This post is from 2011. No monkeying around here.
I think we’ve all heard someone say it at one time or another. Or, we may even have said it ourselves. It goes something like this. Someone asks the question, “why?” and the response is “Because that’s just the way it’s done. We’ve always done it that way”
A statement like that can put the lid on things pretty quickly can’t it? And often, those who are brave enough to explore further by asking, “Yes, but why has it always been done that way?” never receive a satisfactory answer because the truth is that nobody really knows why.
You’re nodding your head aren’t you? I’m not surprised. It is, after all, a fairly common occurrence especially in long established organizations.
It reminds me of the Story of the 5 monkeys. If you aren’t familiar with the story here it is.
Of course, as human beings we like to think that we have evolved a little more than the monkeys in the story; that we are not so easily manipulated. But, the story illustrates how we can fall into patterns of behaviour without really understanding why. In organizations, we can also become so deeply entrenched in our way of doing things, attempts to effect change are often greeted with a metaphorical dousing of cold water almost every time.
I think we all know that in today’s economy, our ability to be flexible, creative and innovative is key to our present and future success. The question is, as leaders, how do we invite innovation and creative thinking into our workplaces? Well, I’ve been having a bit of a think about that and I have some suggestions for your consideration, just to get you started.
Conduct a review of what you value
We tend to talk a lot about organizational values, sometimes without a second thought. Taking the time to consider what we value and why we value it provides an opportunity to re-affirm organizational beliefs and also to challenge some that may no longer fit with our current reality. Sometimes too, our actions and attitudes can get out of sync with what we say we value so looking in the mirror once in a while is not a bad idea.
This seems like a simple thing to do but sometimes we can allow our egos to get in the way. For example, if you are a new leader it is easy to fall into the trap of thinking that you must have all of the answers. You don’t. And you won’t.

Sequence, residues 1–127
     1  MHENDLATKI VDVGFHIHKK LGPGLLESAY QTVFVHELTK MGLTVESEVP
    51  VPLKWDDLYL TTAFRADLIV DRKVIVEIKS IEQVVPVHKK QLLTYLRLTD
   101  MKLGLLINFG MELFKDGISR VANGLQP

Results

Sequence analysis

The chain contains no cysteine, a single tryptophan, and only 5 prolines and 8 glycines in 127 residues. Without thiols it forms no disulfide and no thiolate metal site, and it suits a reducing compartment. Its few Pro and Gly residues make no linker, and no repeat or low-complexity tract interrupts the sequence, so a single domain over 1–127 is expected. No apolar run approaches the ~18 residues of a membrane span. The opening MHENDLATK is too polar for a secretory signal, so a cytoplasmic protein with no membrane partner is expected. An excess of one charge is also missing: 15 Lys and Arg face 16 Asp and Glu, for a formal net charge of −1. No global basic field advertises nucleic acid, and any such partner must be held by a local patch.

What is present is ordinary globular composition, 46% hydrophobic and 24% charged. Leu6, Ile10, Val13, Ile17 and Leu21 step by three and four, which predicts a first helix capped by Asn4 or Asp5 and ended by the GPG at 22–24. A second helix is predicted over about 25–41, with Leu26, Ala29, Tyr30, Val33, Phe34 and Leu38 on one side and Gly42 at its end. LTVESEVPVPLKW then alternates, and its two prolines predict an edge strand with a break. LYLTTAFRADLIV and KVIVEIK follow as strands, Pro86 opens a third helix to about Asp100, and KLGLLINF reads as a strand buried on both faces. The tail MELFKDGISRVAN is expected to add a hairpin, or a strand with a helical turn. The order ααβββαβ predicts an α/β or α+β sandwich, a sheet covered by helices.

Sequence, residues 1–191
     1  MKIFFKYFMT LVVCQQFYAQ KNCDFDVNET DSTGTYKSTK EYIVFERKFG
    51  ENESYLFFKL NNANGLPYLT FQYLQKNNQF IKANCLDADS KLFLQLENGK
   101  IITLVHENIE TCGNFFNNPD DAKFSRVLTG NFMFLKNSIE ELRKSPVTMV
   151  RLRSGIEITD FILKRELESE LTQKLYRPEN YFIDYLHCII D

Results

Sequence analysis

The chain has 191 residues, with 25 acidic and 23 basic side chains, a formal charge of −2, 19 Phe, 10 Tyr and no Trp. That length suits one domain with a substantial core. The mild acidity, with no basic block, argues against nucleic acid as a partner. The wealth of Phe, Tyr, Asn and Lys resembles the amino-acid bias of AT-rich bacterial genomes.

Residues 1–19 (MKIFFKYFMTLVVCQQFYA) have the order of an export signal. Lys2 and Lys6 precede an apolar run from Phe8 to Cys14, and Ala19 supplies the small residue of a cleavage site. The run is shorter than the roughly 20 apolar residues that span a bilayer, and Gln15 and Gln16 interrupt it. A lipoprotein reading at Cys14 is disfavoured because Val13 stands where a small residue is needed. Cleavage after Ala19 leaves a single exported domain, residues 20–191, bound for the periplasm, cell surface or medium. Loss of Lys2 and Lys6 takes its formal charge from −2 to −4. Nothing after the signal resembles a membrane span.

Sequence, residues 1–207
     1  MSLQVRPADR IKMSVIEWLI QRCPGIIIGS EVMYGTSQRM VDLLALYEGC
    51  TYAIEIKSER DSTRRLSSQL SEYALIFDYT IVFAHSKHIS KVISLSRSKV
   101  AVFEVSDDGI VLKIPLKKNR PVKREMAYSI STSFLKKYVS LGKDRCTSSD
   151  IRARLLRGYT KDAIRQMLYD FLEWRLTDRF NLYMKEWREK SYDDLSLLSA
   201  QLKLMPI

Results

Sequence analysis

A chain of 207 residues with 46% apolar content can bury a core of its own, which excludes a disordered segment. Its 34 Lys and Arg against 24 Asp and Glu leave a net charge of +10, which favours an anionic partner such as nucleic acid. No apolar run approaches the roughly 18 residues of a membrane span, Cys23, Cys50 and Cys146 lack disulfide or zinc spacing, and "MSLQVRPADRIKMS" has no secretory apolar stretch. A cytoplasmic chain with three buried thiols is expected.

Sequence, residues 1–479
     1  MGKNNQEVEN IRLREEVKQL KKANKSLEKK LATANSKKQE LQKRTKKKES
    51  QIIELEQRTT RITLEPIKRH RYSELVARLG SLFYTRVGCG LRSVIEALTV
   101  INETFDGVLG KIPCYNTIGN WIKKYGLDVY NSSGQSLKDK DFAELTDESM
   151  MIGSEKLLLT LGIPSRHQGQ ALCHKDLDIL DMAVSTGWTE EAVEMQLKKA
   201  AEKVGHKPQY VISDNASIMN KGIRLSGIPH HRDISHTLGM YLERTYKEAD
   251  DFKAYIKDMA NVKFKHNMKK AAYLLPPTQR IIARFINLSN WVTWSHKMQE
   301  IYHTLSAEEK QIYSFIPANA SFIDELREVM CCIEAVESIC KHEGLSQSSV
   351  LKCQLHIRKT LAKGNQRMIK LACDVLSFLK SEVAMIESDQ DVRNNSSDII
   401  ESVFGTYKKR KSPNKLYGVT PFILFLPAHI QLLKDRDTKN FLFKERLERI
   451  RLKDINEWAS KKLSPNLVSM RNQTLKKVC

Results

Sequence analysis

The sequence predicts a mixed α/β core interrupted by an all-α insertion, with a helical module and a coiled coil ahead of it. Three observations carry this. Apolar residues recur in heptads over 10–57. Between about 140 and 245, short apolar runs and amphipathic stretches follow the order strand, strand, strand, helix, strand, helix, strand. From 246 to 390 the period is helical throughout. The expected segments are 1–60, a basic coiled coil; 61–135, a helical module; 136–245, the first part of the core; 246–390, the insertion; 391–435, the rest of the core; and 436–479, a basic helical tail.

Allowing others to challenge our thinking does not demean the role of the leader. Instead, it enhances the possibility of a fresher, more creative and progressive outcome and that kind of leadership places emphasis where it belongs, on the work and the people who do it.
Look at failure as part of the process
Nobody likes to fail. The thing is there are lessons to be learned from it and while we don’t try new things with the idea of failing, sometimes we have to try, and fail, until we discover what works. Whether we like it or not, clinging to the familiar or doing things the way we have always done them will eventually lead us to failure anyway.
Acknowledge and Reward Creative thinking
Organizations that value stability over innovation will tend to discourage what they consider to be interference with the way things are and discount the ideas of those who think outside the scope of conventional wisdom.
Finding ways to bring out fresh ideas, no matter how bizarre they may sound, and acknowledging those eager to put them forward, demonstrates a willingness to accept the necessity for ongoing change in a time when change is the only thing we can count on.
In today’s world those of us who value stability must learn to live in environments where the apple cart is constantly being upset. To me, this means we will not always be able to know the “why” of everything but we can also no longer afford to accept things because that’s the way we’ve always done them.
That’s what I think, anyway. What do you think?